(As of Nov. 25, 2011: ...) The concept of wealth is of significance in all areas of economics, especially development economics, yet the meaning of wealth is context-dependent and there is no universally agreed upon definition. Generally, economists define wealth as "anything of value" which captures both the subjective nature of the idea and the idea that it is not a fixed or static concept. Various definitions and concepts of wealth have been asserted by various individuals and in different contexts. Defining wealth can be a normative process with various ethical implications, since often wealth maximization is seen as a goal or is thought to be a normative principle of its own.
- Adam Smith, in his seminal work The Wealth of Nations, described wealth as "the annual produce of the land and labour of the society". This "produce" is, at its simplest, that which satisfies human needs and wants of utility.
- In popular usage, wealth can be described as an abundance of items of economic value, or the state of controlling or possessing such items, usually in the form of money, real estate and personal property.
- In economics, net wealth refers to the value of assets owned minus the value of liabilities owed at a point in time. Wealth can be categorized into three principal categories:
(1) personal property, including homes or automobiles;
(2) monetary savings, such as the accumulation of past income; and
(3) the capital wealth of income producing assets, including real estate, stocks, bonds, and businesses.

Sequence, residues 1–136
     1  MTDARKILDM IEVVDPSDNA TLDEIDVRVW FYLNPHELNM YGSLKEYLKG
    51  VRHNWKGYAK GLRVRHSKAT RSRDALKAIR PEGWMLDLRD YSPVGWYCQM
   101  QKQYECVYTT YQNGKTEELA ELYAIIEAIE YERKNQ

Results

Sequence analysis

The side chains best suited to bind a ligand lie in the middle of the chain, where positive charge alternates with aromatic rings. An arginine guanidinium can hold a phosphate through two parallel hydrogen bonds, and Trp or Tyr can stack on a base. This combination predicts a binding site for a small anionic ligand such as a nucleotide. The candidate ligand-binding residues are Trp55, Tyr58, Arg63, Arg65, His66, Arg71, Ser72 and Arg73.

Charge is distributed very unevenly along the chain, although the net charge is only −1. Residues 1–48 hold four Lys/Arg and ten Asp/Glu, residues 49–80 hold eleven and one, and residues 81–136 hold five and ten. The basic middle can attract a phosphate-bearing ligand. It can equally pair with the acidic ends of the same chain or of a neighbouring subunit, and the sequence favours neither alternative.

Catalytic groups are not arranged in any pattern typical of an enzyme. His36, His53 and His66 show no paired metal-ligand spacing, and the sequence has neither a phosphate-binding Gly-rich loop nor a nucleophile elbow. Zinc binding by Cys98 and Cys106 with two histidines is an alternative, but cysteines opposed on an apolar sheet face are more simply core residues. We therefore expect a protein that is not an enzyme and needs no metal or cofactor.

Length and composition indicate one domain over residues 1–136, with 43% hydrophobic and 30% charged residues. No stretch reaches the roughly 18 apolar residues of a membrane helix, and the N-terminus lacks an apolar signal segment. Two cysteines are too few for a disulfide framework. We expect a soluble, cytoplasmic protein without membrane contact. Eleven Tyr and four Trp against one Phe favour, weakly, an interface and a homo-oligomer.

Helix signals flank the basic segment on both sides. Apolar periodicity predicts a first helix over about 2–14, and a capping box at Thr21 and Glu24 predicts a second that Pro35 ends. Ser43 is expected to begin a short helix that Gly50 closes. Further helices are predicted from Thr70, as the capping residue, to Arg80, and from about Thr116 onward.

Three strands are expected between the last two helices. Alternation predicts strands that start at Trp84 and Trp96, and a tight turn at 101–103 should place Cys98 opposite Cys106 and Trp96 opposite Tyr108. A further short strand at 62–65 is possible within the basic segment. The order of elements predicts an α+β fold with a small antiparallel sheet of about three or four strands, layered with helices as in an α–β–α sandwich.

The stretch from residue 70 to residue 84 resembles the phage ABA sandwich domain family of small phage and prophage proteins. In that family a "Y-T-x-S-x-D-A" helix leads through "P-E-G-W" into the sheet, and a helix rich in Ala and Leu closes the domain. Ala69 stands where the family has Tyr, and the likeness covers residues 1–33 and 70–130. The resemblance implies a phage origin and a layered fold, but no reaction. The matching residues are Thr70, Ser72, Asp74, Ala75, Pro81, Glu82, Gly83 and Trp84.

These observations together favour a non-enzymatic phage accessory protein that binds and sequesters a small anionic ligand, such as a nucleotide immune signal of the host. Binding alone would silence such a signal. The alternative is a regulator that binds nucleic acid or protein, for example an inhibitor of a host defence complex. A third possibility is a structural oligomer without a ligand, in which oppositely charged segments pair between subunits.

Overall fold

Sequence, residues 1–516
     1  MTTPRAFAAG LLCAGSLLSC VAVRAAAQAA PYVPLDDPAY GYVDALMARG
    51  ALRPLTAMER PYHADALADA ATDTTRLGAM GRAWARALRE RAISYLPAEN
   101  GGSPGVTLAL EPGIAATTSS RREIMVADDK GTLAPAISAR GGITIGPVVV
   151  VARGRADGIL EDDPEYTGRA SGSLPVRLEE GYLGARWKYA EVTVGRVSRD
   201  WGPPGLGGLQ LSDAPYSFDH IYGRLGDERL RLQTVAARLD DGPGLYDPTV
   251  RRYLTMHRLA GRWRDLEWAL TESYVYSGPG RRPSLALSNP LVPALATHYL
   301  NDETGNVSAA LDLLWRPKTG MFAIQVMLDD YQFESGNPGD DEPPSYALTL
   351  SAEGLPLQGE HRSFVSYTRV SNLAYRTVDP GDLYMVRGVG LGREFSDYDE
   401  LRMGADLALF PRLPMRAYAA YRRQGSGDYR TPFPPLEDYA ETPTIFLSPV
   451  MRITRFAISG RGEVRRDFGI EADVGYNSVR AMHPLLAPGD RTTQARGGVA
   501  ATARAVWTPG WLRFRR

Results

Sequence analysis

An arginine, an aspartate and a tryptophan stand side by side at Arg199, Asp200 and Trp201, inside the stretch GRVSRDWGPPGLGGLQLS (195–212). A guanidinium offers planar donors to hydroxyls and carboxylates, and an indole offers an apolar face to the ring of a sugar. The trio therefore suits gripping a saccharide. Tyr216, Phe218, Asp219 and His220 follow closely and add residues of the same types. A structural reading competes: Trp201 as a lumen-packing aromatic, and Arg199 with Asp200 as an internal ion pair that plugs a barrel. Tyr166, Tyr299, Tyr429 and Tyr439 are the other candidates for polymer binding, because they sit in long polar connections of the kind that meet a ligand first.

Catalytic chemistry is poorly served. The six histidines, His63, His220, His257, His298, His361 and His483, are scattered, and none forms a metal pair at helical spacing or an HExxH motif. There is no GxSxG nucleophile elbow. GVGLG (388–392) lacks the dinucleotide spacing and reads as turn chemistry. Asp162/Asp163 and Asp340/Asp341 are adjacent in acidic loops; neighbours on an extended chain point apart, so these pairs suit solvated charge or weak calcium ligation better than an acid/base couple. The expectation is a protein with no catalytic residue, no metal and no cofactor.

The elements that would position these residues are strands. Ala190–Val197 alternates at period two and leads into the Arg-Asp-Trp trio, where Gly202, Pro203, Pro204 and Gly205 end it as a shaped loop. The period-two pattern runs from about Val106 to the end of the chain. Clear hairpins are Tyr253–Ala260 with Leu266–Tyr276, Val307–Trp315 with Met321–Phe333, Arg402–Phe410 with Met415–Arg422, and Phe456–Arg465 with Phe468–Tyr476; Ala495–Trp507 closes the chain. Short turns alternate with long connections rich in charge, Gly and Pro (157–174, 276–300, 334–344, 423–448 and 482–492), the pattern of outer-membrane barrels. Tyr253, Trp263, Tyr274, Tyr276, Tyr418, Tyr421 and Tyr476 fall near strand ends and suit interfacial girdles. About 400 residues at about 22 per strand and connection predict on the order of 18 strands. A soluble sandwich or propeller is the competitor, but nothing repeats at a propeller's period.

(...) 'Wealth' refers to some accumulation of resources, whether abundant or not. 'Richness' refers to an abundance of such resources. (...) The opposite of wealth is destitution. The opposite of richness is poverty.
The term implies a social contract on establishing and maintaining ownership in relation to such items which can be invoked with little or no effort and expense on the part of the owner. The concept of wealth is relative and (...)
In economics, wealth is the net worth of a person, household, or nation, that is, the value of all assets owned net of all liabilities owed at a point in time. For national wealth as measured in the national accounts, the net liabilities are those owed to the rest of the world. The term may also be used more broadly as referring to the productive capacity of a society or as a contrast to poverty. Analytical emphasis may be on its determinants or distribution. (...)
In economics, 'wealth' corresponds to the accounting term 'net worth'. But analysis may adapt typical accounting conventions for economic purposes in social accounting (such as in national accounts). An example of the latter is generational accounting of social security systems to include the present value projected future outlays considered as liabilities. (...)